In modern-day America, it’s obesity, not starvation, that is harming kids and killing people who should be in their prime.In the most interesting sections of the column, however, Holmes gives her main thesis a second thought.
But food stamps are still buying soda pop, potato chips and deep-fried frozen dinners — and according to cashiers, buying them in droves (the U.S. government can’t be bothered to track purchases).
It’s the all-American irony: Our land of riches is killing us, especially our poorest and most vulnerable.
That’s why it’s time to put some strings on this entitlement, which, in Indiana, has shot up 85 percent in the last five years alone.
It’s a taboo topic. Politicians and decent folk duck it like the plague. There’s an ugly tone about the question, that conjures up the sentiment: I can have my cake, but you can’t eat yours, too.I fear I may be one of the "polititians and decent folk" Holmes has in mind. What bad company those decent folk keep!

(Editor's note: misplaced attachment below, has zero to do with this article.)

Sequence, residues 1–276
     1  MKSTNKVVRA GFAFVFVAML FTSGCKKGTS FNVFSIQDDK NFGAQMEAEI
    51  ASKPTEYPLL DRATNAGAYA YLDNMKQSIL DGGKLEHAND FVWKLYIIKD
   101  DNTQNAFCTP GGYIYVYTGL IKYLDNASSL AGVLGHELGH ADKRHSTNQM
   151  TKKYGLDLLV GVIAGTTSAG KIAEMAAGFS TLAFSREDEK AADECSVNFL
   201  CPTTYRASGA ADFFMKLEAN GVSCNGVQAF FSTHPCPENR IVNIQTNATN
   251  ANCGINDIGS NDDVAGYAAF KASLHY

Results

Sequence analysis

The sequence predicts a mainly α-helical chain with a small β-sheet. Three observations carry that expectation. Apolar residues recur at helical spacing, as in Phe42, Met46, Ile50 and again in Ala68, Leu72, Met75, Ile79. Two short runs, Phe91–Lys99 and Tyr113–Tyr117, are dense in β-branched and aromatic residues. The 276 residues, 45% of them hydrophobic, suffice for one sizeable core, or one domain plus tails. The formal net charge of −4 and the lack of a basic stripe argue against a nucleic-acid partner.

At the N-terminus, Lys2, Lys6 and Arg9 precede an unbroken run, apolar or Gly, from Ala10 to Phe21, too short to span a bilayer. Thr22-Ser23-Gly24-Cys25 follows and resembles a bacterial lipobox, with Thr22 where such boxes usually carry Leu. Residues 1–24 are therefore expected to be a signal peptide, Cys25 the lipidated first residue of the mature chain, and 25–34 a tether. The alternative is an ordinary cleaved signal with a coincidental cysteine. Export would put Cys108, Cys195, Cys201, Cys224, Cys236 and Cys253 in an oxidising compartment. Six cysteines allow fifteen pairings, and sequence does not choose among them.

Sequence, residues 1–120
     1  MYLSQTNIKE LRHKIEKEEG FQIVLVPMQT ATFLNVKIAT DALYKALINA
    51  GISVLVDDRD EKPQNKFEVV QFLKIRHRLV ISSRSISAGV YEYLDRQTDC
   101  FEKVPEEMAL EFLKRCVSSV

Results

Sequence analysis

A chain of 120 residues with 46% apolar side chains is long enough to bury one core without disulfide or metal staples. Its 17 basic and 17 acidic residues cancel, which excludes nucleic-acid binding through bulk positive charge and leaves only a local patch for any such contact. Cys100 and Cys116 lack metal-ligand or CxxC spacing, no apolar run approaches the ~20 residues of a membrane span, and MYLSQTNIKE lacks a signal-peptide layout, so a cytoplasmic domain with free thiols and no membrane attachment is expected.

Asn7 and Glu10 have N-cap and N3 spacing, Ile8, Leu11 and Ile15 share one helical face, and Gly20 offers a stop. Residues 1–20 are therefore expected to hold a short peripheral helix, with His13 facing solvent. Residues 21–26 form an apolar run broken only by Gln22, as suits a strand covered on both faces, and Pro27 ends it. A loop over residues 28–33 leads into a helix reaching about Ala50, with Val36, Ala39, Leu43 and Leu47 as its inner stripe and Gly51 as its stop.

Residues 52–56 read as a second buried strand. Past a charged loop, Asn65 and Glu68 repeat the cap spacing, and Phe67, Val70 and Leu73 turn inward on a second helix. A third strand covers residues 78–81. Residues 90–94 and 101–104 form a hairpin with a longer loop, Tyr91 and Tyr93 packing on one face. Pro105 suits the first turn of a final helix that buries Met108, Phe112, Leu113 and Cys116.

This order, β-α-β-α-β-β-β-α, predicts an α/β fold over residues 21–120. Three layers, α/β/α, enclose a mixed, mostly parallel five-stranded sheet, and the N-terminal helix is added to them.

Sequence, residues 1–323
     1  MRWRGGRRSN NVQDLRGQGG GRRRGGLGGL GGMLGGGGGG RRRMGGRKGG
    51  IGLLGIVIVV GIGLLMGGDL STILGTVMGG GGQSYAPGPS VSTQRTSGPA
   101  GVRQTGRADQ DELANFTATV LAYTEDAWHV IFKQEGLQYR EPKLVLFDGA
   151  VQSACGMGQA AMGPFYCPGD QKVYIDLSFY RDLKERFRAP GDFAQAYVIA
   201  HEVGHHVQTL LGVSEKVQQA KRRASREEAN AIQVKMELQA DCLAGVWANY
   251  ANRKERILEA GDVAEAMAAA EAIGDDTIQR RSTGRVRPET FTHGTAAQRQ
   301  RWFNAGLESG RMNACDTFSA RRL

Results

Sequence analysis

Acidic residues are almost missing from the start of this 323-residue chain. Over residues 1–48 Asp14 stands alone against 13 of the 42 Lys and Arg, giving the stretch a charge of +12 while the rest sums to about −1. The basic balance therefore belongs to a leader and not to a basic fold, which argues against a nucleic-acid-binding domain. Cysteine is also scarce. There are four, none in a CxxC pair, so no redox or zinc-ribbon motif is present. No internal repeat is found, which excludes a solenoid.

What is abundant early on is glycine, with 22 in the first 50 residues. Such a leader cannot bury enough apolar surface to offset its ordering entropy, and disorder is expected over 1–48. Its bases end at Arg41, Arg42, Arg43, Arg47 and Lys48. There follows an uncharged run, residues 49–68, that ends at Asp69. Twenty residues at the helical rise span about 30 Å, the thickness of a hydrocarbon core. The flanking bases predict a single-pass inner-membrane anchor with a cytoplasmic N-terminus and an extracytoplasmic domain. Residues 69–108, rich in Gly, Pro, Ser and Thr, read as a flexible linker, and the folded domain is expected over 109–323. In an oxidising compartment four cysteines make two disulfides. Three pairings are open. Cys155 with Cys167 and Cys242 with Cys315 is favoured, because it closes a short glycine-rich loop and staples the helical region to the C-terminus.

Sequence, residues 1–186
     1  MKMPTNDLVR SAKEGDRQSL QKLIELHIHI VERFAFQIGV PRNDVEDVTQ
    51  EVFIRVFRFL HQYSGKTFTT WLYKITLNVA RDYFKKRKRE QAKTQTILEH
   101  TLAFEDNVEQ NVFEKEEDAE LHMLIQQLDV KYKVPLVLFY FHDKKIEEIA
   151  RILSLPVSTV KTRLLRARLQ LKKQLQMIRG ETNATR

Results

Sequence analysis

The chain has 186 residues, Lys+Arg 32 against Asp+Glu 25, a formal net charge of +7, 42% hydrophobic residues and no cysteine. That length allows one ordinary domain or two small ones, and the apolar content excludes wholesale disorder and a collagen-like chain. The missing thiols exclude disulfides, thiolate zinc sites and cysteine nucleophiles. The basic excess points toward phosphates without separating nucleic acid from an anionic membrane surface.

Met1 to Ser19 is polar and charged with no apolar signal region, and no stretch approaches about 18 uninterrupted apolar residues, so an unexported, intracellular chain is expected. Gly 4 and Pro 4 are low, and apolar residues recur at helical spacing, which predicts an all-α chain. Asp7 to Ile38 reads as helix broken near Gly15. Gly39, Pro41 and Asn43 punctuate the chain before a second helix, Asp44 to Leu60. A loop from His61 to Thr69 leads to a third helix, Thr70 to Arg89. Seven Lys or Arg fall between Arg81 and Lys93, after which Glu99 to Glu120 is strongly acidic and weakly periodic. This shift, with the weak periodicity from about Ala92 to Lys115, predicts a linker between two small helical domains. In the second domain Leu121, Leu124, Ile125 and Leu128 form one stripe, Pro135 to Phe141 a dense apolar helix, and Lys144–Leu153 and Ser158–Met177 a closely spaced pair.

Yet what’s wrong with limiting junk food to 10 percent of benefits? Why not reserve 15 percent for fresh fruits and vegetables? Why not say we want our billions to go to building healthy bodies and strong brains, not diabetes, cancer and heart disease?
My friend Aletha, who often uses food stamps to get by, argues it’s cruel and un-American to single out the poor for the nutritional police.
“Nobody ever listens to that darn food pyramid,” she argues. She’s making efforts — weaning herself from the cheap, empty calories so appealing in the freezer case when her benefits come in. But that’s her choice to make, not mine, she argues.
“If you let the government intrude into food choices, where are they going to draw the line?”
I understand her sentiments.